She went to Gore High School, and then gained a science degree at Otago University. It was funded by summer jobs as a shearing rouse-about or her seven years in the Territorials infantry where she rose to second lieutenant in 4-OSouth.
Her family is also involved in the disabilities community through experience. Her oldest sister, Jill, was intellectually handicapped after damage at birth, and her youngest daughter, Briony is Down syndrome.
Simmonds said the family moved to the farm she now lives on because it is close to Invercargill and allows Briony to go into the city daily for her activities.
The farm runs a few lambs in spring but it is a cut-and-carry enterprise, meaning it grows grass for silage and hay bales to supply other farms.
As part of the rural sector, she is worried about the health of farmers as the cost-of-living crisis ensues.
“Farmers have had a raft of things thrown at them and you see the burden and the stress it puts on them,” she said.
“The inflation on farmers is far higher than general inflation is with the cost of transport and fertiliser but then when you get pay-outs dropping, they are under incredible pressure from all different angles.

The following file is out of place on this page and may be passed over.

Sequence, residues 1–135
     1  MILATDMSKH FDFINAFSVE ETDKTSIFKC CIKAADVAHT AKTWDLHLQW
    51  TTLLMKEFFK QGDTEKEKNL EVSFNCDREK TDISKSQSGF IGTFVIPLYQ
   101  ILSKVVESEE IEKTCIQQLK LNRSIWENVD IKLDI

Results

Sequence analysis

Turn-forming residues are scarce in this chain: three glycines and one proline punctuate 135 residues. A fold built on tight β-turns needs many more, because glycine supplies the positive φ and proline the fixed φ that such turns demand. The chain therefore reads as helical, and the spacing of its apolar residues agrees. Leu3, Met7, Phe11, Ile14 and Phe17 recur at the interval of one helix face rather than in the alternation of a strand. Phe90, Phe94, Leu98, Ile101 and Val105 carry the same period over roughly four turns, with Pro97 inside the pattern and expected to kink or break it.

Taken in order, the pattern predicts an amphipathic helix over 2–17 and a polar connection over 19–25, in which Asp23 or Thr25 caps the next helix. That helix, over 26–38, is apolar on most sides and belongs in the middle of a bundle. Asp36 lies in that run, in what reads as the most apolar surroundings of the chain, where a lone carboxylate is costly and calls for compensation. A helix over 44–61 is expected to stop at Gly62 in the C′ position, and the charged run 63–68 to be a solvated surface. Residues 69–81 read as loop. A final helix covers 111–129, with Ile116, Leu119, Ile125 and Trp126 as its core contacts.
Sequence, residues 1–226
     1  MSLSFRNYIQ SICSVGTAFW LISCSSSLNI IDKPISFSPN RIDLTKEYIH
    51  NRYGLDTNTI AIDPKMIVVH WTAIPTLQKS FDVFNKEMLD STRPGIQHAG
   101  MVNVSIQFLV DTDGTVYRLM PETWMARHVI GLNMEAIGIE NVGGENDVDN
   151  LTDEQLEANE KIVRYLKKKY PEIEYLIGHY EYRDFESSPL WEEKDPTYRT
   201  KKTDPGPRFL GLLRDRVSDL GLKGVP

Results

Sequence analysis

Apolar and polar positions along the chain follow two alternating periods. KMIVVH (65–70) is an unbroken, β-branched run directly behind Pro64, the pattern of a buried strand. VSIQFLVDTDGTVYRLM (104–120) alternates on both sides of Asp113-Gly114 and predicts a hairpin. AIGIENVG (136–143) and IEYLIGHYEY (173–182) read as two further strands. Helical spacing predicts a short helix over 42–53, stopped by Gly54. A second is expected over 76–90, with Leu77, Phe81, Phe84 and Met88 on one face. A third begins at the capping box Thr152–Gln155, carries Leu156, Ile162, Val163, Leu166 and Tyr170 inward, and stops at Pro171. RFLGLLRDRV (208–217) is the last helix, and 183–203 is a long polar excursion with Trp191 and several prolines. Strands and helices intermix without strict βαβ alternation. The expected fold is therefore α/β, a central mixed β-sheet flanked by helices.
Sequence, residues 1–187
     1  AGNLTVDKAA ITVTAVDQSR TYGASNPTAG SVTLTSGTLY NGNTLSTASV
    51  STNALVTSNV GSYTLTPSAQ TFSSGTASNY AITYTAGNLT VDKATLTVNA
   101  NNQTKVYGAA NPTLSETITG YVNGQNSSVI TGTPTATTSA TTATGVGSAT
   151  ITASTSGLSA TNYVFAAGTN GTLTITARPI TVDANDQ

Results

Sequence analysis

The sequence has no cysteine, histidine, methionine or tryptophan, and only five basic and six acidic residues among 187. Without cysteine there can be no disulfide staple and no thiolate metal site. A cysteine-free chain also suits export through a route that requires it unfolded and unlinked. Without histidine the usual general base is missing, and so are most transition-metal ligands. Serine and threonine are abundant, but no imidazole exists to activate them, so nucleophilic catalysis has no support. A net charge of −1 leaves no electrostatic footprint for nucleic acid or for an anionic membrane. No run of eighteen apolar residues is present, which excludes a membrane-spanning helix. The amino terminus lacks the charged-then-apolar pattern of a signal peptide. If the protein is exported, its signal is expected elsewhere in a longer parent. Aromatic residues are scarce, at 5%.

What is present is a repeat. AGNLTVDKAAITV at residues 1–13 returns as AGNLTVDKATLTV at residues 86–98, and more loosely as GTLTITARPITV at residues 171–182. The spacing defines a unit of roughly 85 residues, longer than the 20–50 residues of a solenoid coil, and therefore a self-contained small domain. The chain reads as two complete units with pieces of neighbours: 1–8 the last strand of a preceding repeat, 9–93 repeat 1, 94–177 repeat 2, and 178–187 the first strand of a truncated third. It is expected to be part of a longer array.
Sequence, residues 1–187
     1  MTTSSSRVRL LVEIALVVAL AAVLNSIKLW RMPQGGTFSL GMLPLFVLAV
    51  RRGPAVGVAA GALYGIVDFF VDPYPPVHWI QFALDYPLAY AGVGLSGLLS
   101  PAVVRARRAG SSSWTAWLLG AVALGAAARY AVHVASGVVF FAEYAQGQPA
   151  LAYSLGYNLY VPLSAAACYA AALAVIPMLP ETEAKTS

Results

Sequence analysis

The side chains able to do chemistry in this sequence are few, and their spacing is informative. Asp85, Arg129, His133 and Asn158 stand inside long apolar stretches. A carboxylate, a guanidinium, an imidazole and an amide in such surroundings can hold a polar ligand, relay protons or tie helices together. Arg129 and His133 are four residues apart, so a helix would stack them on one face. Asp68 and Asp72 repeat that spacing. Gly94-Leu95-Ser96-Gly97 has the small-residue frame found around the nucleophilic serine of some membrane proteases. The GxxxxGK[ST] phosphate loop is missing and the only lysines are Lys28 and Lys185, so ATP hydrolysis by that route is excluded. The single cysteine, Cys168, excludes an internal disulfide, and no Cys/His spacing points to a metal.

“It is quite a solitary job and I really worry about the pressure it is putting on farmers.”
Despite National leader Christopher Luxon having publicly suggested that Simmonds would become a minister, she is not counting on it.
But she said National’s policy was to disestablish Te Pukenga and revert to about 10 locally autonomous polytechs instead of the previous 16.
She could not say which, yet, but she believed it would not cost anything.
Te Pukenga gave SIT the go-ahead last week to continue with zero fees for another year but only to Southland-based students, not for its distance learning.
She said she could not guarantee that fees would remain zero under National but that the decision would be back in the hands of the SIT itself.
Simmonds was aged 37 when she took over Southland’s polytech and it had a small roll of 1400 full-time equivalents.
“I think I kept reinventing the job,” she said when asked why she had stayed so long at SIT.
It grew to a roll of 5000 and became an institute of technology offering degrees as well as trades training.
She turns 64 next month and after the election on October 14, there may well be another reinvention ahead.